An outspoken Egyptian head of the National Council for Women-Egypt, diplomat Mervat Tallawy, opposed the wishes of the Muslim Brotherhood when she voted for a UN resolution to combat violence against women. She told reporters after the UN vote in 2013,
International solidarity is needed for women’s empowerment and preventing this regressive mood, whether in the developing countries or developed, or in the Middle East in particular. It’s a global wave of conservatism, of repression against women, and this paper is a message that if we can get together, hold power together, we can be a strong wave against this conservatism. I believe in women’s cause. I don’t take money from the government. I work voluntarily. If they want to kick me out they can. But I will not change my belief in women. Women are the slaves of this age. This is unacceptable, and particularly in our region.[i]
[i] Edith Lederer, “UN Adopts Plan to Combat Violence Against Women, March 16, 2013, Associated Press.
[i] Anuj Chopra, “Pink Gang Women,” San Francisco Chronicle, June 14, 2009, p. A6. See a video: http://current.com/items/88939424_gulabi-gang-the-pink-women-of-india.htm
[i] Ayaan Hirsi Ali. Infidel. Free Press, 2007. See also Fadumo Korn. Born in the Big Rains: A Memoir of Somalia and Survival. The Feminist Press at CUNY, 2006.
[ii] Malalai Joya. A Woman Among Warlords. Scribner, 2009, p. 33.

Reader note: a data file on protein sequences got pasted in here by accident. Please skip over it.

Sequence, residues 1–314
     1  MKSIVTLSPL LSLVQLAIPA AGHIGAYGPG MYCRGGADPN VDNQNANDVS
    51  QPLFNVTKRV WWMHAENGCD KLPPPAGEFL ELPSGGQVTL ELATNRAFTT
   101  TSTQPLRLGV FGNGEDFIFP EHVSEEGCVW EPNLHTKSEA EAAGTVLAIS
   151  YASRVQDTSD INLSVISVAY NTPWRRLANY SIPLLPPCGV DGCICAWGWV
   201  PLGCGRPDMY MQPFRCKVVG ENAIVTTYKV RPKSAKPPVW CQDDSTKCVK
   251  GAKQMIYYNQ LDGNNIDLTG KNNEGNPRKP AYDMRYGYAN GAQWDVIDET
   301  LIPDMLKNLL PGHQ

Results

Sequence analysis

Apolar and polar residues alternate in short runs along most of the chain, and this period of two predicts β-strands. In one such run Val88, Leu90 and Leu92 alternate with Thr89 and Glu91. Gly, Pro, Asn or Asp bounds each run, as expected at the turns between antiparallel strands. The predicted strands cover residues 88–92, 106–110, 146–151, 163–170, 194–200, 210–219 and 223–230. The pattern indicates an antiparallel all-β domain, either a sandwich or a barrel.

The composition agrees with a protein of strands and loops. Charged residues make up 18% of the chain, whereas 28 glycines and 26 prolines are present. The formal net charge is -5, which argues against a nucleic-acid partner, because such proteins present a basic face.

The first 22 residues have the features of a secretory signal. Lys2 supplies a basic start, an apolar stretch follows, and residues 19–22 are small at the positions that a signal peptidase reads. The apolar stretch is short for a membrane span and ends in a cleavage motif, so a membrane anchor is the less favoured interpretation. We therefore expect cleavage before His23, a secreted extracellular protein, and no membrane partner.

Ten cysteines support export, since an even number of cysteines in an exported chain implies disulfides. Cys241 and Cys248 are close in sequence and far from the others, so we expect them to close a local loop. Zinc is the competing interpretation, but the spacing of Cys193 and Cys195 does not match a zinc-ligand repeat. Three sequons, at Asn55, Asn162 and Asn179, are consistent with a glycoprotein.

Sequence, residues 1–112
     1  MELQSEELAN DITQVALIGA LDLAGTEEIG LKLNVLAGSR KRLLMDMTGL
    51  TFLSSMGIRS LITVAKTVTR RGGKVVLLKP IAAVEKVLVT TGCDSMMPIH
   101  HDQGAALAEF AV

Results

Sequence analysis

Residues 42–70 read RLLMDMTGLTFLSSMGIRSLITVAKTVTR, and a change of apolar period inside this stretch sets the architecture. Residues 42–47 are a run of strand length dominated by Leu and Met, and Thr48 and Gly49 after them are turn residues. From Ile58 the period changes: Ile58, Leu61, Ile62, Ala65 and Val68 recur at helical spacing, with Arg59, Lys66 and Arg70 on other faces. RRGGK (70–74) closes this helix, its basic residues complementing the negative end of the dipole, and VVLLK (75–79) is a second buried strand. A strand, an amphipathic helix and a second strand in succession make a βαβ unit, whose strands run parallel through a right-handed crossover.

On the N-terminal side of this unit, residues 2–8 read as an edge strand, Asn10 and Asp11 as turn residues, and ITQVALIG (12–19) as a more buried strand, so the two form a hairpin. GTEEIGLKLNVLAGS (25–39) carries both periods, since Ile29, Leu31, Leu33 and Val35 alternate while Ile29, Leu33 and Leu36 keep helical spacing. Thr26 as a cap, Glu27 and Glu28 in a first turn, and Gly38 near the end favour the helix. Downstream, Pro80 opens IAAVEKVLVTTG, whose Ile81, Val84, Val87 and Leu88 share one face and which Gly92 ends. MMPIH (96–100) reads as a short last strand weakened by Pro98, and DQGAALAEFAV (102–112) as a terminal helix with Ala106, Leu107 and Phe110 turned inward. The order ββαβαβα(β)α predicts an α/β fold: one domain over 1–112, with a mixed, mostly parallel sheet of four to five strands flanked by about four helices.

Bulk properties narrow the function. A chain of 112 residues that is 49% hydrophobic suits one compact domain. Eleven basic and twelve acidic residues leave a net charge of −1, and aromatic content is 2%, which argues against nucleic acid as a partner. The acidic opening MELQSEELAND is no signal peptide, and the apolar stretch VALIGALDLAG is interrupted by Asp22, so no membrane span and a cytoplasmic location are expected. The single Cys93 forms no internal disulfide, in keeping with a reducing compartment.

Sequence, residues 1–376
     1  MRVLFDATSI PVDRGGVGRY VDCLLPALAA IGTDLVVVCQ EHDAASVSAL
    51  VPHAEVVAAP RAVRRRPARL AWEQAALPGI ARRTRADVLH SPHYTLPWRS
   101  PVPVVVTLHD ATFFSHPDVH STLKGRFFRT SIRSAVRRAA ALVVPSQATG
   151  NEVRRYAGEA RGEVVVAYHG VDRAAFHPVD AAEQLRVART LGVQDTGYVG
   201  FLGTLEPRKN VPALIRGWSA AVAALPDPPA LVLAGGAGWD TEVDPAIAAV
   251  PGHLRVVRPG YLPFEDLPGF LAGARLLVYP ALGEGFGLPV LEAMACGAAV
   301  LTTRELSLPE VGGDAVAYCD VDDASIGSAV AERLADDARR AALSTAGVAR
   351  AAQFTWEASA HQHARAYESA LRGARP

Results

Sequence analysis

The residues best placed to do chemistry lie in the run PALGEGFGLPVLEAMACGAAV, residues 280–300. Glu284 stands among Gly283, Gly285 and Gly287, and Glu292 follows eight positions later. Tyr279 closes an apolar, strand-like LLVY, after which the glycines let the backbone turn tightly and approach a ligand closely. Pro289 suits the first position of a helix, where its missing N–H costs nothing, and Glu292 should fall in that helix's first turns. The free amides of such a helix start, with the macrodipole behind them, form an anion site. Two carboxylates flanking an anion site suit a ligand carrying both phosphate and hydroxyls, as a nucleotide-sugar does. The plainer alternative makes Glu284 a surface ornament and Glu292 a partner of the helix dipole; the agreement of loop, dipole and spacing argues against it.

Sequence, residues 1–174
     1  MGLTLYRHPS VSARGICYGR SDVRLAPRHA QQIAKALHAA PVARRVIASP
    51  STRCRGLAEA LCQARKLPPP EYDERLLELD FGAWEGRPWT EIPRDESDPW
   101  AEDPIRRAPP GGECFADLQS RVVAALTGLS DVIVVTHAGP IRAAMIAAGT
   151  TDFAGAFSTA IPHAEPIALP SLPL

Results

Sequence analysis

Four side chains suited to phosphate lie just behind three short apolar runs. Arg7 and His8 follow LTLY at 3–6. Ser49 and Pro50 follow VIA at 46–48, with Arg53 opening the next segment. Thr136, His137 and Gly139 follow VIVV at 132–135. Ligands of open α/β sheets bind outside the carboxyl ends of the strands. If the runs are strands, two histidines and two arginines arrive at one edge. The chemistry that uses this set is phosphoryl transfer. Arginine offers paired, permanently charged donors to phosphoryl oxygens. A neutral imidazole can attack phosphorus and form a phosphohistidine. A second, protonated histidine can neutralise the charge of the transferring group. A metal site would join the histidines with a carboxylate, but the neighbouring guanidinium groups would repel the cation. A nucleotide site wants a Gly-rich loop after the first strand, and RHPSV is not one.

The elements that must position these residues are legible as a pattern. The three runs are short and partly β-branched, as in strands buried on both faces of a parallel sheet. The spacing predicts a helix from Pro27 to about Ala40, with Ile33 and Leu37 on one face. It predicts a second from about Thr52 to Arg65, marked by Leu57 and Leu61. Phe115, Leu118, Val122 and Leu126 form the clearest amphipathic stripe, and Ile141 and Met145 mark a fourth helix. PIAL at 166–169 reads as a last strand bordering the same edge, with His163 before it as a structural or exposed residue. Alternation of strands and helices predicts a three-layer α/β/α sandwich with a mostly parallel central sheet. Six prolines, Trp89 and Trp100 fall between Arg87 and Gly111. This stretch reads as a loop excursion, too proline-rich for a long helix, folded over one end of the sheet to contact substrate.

[i] P. 157 Benjamin Gardner
[iv]Letter from Tawakkol Karman to Women Without Borders, February 2, 2010. http://womenwithoutborders-save.blogspot.com/2010/02/letter-from-twakkol-karman-chairwoman.html
Author Bill McKibben’s answer is to do more locally, smaller, and slower in the communities where we live. For example, pay shares to support local organic farmers including urban farming. Some communities have wind power and other energy cooperatives, as in Canada. In Rwanda community work is performed the last Saturday morning of each month, as by planting trees.[i] We can eat less meat, because as much as half of global warming gases are caused by the livestock industry, more than greenhouse gasses emitted by cars.[ii] Cows produce one pound of methane for every two pounds of their meat. Activists for these kinds of remedies can use the Internet to organize, as McKibben has. For updates, see www.350.org.